As the big players in the music industry try to figure out how to survive the implosions around it, life at the other end is percolating nicely. If big-show ticket prices are too high for you or you prefer venues that are more intimate than an arena or amphitheater, your local music world usually has something for you, especially on the weekends. Saturday night was one of those nights in Kansas City.
The choices were several and varied, including Extra Classic (reggae/soul) and Tommy Ferrari & the Future Motor Machines (rock) at the Czar Bar; a Radiohead tribute at the Record Bar; and a burlesque revival at the Folly. All local; all worthwhile.
The evening's grand finale was at Crosstown Station, a few blocks south of the Power and Light District, where the Hearts of Darkness threw a birthing party for the 18-piece band's self-titled debut album. The room, which holds about 300 people, was nearly full by the time the main event arranged itself on stage. This evening, they had grown by one: bassist supreme and special guest Jeff Harshbarger stood in on electric guitar. Talk about gilding gold and painting the lily.
Their set lasted more than two hours and it showcased a band that presents itself as a fierce and fine-tuned machine playing a bristling and percussive mix of Afrobeat, jazz, funk/soul and hip-hop. Its founding influence is Fela Kuti, the father of Afrobeat, but throughout the night, they evoked and insinuated other sounds, genres and influences: James Brown, OutKast, Sly and the Family Stone, Tower of Power, Talking Heads. A friend suggested another: the Cuban jazz ensemble Irakere.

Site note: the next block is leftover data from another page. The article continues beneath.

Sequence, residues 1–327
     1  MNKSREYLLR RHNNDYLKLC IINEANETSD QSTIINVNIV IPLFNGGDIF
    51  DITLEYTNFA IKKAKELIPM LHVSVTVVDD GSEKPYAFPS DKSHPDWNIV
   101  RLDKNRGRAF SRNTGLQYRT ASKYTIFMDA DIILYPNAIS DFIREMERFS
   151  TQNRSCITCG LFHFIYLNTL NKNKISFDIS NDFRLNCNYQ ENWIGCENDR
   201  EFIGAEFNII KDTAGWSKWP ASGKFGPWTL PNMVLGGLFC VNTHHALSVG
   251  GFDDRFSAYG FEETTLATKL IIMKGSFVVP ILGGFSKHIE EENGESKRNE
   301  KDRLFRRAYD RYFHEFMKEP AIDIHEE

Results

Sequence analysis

HoD's music comprises many moving parts, each with its own discrete design and purpose, yet its arrangements never get jammy or overwhelm the music's primal mission: to lay down a groove that will make a big crowd dance, seemingly involuntarily at times. You almost have to concentrate on not moving to prevent yourself from responding to the groove.
Saturday's performance showcased songs from the album "Hearts of Darkness." The album, recorded in analog, is warm, organic and dynamic. Live, those songs jump to another level of muscle, might and ebullience. This crowd was familiar with some of the older material, jumping in fervently on some call-and-response lines ("I want my mind back / I want my time back ...'). But even during the new songs, the enthusiasm in the room remained high.
Les Izmore, the band's rapper/lyricist, is the outboard motor that revs this band into a higher gear, with help from his three up-front backup singers/dancers, Rachel Christia, Brandy Gordon and Erica Townsend. Throughout the night, but especially on the two infernal closers -- "Shelf Life" and "Space Age" -- they and the seven-piece horn section shared and traded lines, executing an impressive choreography of vocals and instrumental riffs and lines.
It was easy to watch the entire two-hour show and feel like this is a band that could easily jump into some heavy regional or national prominence, one that could absolutely steal the show at a jam band festival, for example.
And until trumpet player Bob Asher thanked band members' families and significant others for tolerating all the rehearsal time, it was also easy to forget that HoD is a collection of appreciative local musicians with day jobs who do this for the love and thrill of it, surrounded by fans who are also neighbors. The big boys in the music industry ought to take note. Shows like this is where long-term loyalty begins.
| Timothy Finn, The Star